Never Compare Yourself to Others

5 min readNov 19, 2021

Let’s start with a Story of a kid, who is always curious and keen to learn everything. He has a classmate who is talented in each aspect, from Indoor Games to Outdoor Games, from Writing to Drawing, as well his friend is filled with Charm, Attractive and Confidence. No doubt, all the attention from all the people around him would go to his friend, which all the kids crave for.

Perhaps what would a 10-year-old kid think of being not accepted and not respected enough, just for being average in any aspect of his life? The failure and rejection turn him into constantly comparing himself with other kids, where he would set a huge desire to outshine and outperform in front of everyone in his school. That’s the good point to be motivated in the short run but in the long run, it won’t be working that way.

Unwise and unaware of the circumstances what would the kid think of? Perhaps he would strongly believe in the luck that he will think he doesn’t have for his whole childhood. He will always see life as a competition with his friends who is better than him.

Perhaps the kid never understands what made his friend so good at everything, it is indeed the environment they are living in, his friend has essential tools and resources to develop his skills, which the kid always lacked.

According to social comparison theory, we do this in an attempt to make accurate evaluations of ourselves. But at what cost? While comparison can be a valuable source of motivation and growth, it can also spin us into a tail-chasing frenzy of self-doubt.

For his whole childhood, the kid sees his life as competition always trying to beat his friends, whether it’s an assignment, sports, or even examination. That’s good in some way no doubt it motivates us to do extra hard work, extra effort. Perhaps the thing is when the kid can’t beat his friend even from countless efforts the probability of giving up will be much higher.

The most important things in life are internal, not external.

“The big question about how people behave,” says Warren Buffett, “is whether they’ve got an inner scorecard or an outer scorecard. It helps if you can be satisfied with an inner scorecard.” To make his point, Buffett often asks a simple question: Would you rather be the world’s greatest lover, but have everyone think you’re the world’s worst lover? Or would you rather be the world’s worst lover but have everyone think you’re the world’s greatest lover?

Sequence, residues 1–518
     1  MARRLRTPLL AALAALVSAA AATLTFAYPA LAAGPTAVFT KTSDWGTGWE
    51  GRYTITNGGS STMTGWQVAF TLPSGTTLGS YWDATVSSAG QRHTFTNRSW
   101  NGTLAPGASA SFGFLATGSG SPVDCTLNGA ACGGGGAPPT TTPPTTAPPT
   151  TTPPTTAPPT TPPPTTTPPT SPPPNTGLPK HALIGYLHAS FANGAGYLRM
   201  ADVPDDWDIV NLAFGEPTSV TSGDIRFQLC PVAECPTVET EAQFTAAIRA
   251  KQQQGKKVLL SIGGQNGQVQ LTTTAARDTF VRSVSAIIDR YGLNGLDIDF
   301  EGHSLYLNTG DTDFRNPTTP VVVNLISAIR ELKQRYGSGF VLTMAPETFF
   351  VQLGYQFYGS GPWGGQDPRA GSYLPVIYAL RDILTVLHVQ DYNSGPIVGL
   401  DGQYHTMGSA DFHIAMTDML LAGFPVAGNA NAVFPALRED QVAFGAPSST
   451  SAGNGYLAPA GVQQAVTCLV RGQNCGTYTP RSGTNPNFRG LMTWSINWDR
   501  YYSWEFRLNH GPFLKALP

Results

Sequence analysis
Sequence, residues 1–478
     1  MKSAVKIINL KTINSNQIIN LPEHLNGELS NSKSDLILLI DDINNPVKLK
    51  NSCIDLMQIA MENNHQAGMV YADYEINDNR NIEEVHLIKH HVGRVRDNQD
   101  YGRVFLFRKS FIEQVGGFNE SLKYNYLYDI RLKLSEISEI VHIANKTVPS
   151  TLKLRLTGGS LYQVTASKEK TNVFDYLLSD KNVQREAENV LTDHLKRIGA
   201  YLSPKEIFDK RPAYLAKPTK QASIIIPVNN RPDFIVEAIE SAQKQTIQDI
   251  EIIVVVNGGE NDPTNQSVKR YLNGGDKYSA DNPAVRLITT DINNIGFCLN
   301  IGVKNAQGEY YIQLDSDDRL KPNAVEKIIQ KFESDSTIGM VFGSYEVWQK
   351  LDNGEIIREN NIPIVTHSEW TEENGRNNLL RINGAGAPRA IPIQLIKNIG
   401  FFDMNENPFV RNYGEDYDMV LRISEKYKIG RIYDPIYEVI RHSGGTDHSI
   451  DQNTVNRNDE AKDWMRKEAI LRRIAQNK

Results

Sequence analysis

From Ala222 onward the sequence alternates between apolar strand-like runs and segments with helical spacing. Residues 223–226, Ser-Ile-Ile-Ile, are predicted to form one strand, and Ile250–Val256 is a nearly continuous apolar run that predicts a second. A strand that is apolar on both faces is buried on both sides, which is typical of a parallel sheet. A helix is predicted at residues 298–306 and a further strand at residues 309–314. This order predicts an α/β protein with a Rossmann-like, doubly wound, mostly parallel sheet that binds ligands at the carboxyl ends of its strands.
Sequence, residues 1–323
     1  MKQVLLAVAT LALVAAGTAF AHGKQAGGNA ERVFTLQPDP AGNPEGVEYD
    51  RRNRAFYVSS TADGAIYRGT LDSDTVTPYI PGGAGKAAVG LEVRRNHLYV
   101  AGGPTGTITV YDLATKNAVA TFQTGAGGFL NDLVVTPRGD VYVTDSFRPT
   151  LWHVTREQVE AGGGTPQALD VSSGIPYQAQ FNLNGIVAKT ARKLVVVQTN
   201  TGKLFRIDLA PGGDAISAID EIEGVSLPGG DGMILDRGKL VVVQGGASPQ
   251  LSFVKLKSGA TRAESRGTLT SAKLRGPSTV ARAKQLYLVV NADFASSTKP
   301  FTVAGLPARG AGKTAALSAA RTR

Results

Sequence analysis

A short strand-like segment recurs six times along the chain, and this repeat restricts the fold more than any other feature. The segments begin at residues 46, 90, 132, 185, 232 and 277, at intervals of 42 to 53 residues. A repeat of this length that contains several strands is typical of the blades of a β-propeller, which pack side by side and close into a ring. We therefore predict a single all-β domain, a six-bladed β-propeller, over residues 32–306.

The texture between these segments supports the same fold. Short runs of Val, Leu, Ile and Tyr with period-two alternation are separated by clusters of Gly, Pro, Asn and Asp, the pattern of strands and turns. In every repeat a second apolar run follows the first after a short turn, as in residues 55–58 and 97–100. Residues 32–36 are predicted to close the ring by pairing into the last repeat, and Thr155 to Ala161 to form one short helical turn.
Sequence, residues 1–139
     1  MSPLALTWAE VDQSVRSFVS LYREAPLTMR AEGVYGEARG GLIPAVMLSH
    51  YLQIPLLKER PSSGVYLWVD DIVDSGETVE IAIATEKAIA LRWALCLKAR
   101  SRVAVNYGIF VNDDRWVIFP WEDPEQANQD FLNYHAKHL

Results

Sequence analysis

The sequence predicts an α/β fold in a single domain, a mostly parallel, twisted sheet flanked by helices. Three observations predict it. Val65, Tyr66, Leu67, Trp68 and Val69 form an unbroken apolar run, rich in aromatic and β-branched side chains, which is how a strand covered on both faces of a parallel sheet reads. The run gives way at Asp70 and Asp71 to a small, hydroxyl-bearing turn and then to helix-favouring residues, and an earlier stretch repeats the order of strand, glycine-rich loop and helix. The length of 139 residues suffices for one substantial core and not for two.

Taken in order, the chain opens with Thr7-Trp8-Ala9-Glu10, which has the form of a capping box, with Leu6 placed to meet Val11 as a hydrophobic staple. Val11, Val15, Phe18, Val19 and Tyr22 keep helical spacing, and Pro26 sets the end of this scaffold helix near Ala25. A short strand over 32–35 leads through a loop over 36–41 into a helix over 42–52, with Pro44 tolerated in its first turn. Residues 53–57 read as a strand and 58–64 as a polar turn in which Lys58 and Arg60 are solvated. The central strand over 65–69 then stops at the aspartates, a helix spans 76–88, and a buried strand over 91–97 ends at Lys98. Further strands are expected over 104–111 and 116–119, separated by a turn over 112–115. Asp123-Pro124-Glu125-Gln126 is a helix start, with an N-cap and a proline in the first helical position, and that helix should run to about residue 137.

Comparing ourselves to others allows them to drive our behavior. This type of comparison is between you and someone else. Sometimes it’s about something genetic, like wishing to be taller, but more often it’s about something the other person is capable of doing that we wish we could do as well. He writes better than me, and he has supportive parents than me. Sometimes this comparison is motivating and sometimes it’s destructive.

You can be anything but you can’t be everything. When we compare ourselves to others, we’re often comparing their best features against our average ones. It’s like being right-handed and trying to play an instrument with your left hand. Not only do we naturally want to be better than them, the unconscious realization that we do not often become self-destructive.

Comparisons between people are a recipe for unhappiness unless you are the best in the world. Which, let’s be honest, only one person is. Not only are we unhappy but the other people are as well. They are probably comparing themselves to you — maybe you’re better at networking than they are and they’re jealous. At worst, when we compare ourselves to others we end up focusing our energy on bringing them down instead of raising ourselves up.

There is one thing that you’re better at than other people: being you. This is the only game you can really win.

No one can compete with you on being you. Most of life is a search for who and what needs you the most. — Naval

When you start with this mindset the world starts to look better again. No longer are you focused on where you stand relative to others. Instead, your focus and energy are placed on what you’re capable of now and how you can improve yourself.

Life becomes about being a better version of yourself. And when that happens, your effort and energy go toward upgrading your personal operating system every day, not worrying about what your coworkers are doing. You become happier, free from the shackles of false comparisons, and focused on the present moment.

When what you do doesn’t meet the expectations of others, too bad. The way they look at you is the same way you were looking at them, though a distorted lens shaped by experiences and expectations. What really matters is what you think about what you do, what your standards are, what you can learn today.

That’s not an excuse to ignore thoughtful opinions — other people might give you a picture of how you fall short of being your best self. Instead, it’s a reminder to compare yourself to who you were this morning. Are you better than you were when you woke up? If not, you’ve wasted a day. It’s less about others and more about how you improve relative to who you were.

When you stop comparing between people and focus internally, you start being better at what really matters: being you. It’s simple but not easy.

The most important things in life are measured internally. Thinking about what matters to you is hard. Playing to someone else’s scoreboard is easy, that’s why a lot of people do it. But winning the wrong game is pointless and empty. You get one life. Play your own game.

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The Danger of Comparing Yourself to Others